A couple of weeks ago I was reading a question on Skeptics, Was Paul Manafort exonerated for the crimes he’s now charged with? So while the accepted answers attempted to wrangle out a legal definition for “exoneration” when there has been no trial, I found it puzzling no one noticed that the instructions given to a jury use the words “Guilty Beyond A Reasonable Doubt”. The problem with the word, exoneration, is best understood by looking for the word, exoneration, in the following tweet. If the jury gives a “Not Guilty” verdict because they thought he was “probably guilty”, does that mean Mr. Manafort is exonerated? I don’t think so. It means that they found him “Not Guilty”. Exoneration is a term best left to the TV pundits to define.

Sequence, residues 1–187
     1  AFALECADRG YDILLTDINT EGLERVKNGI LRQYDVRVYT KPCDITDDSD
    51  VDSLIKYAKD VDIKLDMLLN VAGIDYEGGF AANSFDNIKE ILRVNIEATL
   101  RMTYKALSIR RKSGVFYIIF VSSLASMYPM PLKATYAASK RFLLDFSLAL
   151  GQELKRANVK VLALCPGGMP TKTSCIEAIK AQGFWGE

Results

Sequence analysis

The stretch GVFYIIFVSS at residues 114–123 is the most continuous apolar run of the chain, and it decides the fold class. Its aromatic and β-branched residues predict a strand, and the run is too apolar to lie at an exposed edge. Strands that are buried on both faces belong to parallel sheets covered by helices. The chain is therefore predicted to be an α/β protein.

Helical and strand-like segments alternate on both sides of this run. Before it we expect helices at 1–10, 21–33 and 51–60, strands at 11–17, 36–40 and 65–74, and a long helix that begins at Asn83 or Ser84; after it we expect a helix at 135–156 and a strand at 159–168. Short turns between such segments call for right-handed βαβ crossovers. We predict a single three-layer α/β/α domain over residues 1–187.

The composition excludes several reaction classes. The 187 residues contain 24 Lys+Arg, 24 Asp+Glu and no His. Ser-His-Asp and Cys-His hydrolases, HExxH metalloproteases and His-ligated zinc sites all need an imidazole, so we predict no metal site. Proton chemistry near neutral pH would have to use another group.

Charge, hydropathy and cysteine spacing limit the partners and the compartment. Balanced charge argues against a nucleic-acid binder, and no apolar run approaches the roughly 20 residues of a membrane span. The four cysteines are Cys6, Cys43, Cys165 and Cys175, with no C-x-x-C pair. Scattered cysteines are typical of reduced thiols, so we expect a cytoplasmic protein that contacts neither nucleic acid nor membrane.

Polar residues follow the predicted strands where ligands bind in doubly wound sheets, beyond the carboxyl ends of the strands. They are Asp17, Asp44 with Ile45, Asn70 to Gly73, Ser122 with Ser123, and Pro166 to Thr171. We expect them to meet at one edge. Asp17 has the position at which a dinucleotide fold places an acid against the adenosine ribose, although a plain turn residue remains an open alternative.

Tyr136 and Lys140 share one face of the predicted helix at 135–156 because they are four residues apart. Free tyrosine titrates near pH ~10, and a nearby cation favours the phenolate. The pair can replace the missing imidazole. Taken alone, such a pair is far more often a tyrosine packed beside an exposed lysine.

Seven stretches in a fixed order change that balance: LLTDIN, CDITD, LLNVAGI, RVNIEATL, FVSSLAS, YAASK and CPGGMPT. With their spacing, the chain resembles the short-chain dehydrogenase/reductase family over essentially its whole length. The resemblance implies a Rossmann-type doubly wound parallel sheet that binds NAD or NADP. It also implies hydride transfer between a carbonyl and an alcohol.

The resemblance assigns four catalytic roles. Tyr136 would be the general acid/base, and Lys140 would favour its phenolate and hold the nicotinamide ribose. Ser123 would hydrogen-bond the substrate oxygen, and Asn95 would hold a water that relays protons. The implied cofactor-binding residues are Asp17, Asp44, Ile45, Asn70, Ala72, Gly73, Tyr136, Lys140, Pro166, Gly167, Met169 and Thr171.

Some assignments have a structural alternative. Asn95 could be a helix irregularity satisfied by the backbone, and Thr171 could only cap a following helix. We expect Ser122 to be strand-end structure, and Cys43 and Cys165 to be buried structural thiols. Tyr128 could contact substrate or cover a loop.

Manafort defense team had used a chart (kind of like this) to emphasize how high of a burden reasonable doubt is, so it makes sense that jurors might want some clarity from the judge. Defense told jurors to “hold the government to its burden.” pic.twitter.com/Y4XjEbmhYU
— Ryan J. Reilly (@ryanjreilly) August 16, 2018